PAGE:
Rogue Valley Symphony

PC: Mindi Acosta 

Dr. Matthew Timman is a percussionist currently based out of Tucson, Arizona. Matthew received his Doctor of Musical Arts degree in percussion performance with a minor in Ethnomusicology from the The University of Arizona. Previous to relocation to Arizona, Matt received Masters and Bachelors degrees in percussion performance from Bowling Green State University and The University of Toledo, respectively. 

In addition to performing as section percussionist with the Rogue Valley Symphony (since 2019), he currently serves as Principal Percussionist with the North State Symphony (Chico, CA) and Section Percussionist with the Flagstaff Symphony Orchestra (Flagstaff, AZ) and Sierra Vista Symphony Orchestra (Sierra Vista, AZ). During the 2019-2020 season, Matthew appeared as marimba soloist with the Tucson Symphony Orchestra as a member of the TSO Percussion Quartet performing Emmanuel Séjourné’s GOTAN Concerto for Four Marimbas.

As an educator, he has taught students from kindergarten through college. He usually spends his summers living in a cabin while serving as percussion faculty for Blue Lake Fine Arts Camp in beautiful Twin Lakes, Michigan.

How has the Covid-19 health crisis affected you as a musician?

In the most immediate sense it put a sudden stop to all work which I was doing. When the restriction on public gatherings came down for Tucson I was going at a dress rehearsal for a weekend of concerts with the Tucson Symphony playing Shostakovich Symphony No. 12 and was engaged to be playing with the Tucson Symphony for the following four weeks. However, before the tuning pitch we were told that the order was just put into place and we needed to vacate the music hall immediately. It was surreal. Since then I’ve had all of my work for the rest of the season and for much of the next season disappear. I’m just thankful that the CARES Act expanded unemployment for music freelancers, otherwise things would have been much more difficult.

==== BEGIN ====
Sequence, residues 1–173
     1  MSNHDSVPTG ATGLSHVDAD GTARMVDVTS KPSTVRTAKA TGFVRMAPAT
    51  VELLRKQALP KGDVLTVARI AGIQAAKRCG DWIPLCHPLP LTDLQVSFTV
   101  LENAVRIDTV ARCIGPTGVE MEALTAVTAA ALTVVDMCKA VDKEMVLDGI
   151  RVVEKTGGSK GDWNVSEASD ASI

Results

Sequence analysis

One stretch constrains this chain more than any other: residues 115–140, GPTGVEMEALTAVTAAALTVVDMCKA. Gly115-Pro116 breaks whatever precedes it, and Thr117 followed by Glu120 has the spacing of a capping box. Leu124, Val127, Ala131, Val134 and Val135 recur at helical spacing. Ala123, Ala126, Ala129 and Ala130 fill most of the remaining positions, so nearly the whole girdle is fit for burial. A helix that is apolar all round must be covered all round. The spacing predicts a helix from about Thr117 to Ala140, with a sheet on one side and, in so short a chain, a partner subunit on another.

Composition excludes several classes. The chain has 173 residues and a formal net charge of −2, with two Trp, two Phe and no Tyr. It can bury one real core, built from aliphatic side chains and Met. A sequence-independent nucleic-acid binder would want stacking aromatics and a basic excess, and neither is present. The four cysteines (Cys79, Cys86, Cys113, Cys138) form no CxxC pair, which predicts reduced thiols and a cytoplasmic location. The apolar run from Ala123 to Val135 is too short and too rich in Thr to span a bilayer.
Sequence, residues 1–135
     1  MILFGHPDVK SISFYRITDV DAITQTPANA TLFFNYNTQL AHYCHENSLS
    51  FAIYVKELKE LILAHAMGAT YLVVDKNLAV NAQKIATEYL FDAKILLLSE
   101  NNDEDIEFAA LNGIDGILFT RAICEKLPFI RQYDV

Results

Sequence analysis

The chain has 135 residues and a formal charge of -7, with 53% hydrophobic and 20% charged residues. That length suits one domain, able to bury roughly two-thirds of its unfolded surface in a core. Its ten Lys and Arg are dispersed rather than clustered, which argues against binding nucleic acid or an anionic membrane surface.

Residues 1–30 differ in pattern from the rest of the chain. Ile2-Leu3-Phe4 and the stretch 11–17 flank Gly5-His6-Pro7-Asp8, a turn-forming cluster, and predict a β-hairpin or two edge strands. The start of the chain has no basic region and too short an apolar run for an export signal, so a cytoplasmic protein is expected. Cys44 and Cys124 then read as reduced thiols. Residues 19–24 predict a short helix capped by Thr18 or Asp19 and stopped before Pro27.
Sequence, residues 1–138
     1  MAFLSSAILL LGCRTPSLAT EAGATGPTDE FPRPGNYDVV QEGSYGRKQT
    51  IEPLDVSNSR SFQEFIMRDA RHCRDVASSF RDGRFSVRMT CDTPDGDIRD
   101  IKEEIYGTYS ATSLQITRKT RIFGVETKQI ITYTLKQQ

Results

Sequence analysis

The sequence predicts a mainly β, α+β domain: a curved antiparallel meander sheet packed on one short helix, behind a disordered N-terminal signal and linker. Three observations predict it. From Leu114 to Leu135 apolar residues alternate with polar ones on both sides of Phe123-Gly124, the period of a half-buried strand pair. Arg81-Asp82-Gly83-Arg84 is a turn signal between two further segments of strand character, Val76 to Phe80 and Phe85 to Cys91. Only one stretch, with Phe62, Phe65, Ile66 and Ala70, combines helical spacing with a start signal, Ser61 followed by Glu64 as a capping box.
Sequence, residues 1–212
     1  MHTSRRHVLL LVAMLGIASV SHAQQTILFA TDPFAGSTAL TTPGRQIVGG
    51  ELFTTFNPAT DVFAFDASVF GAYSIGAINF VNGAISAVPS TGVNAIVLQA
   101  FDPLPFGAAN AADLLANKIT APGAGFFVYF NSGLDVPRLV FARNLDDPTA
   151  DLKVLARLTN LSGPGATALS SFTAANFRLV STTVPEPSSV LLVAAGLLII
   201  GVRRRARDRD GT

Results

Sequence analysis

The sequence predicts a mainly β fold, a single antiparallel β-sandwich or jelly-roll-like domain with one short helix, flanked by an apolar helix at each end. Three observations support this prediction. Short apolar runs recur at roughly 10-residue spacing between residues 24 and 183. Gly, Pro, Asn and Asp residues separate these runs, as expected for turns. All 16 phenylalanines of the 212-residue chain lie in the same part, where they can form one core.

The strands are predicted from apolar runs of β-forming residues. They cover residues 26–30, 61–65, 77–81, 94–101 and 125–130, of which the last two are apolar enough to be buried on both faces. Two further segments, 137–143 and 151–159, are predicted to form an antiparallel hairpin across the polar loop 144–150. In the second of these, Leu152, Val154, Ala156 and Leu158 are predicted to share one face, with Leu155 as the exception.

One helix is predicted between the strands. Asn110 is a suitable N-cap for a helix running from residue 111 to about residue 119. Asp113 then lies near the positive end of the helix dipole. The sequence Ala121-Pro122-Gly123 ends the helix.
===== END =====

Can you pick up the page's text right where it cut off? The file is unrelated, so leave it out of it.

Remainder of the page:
On a less serious note, I spend a lot of time in my Prius when I’m busy working. Since I’m not driving all over the place I realized how much I enjoy driving long distances and how much I miss it. My car has sometimes sat for a week or more at a time without being driven which feels really wrong. Sometimes I feel like I should just get in my car and drive back and forth from Tucson to Phoenix a few times just for the fun of it.

Are there any aspects of your professional life that are unchanged?

Though I’m not one hundred percent sure when I’ll be back on stage I’m still practicing at least a little bit everyday. When I’m preparing for something difficult like a recital or an audition I would usually put in six to eight hours per day, but right now it’s definitely significantly less. It’s a fine line between staying engaged and practicing and not burning yourself out. It’s about making sure that my hands are still in shape to do what I want and need them to do when the time comes. 

My drive to want to perform has actually been strengthened by this experience. I’m friends with a fellow music freelancer who often would say, “You never know when it’s going to be your last time.” You really should appreciate how lucky you are to play music for a living when you’re doing it. I think that in the future I definitely will try to be more present and engaged in trying to appreciate every musical experience I’m given the opportunity to take part in.

What do you think is the role of musicians now?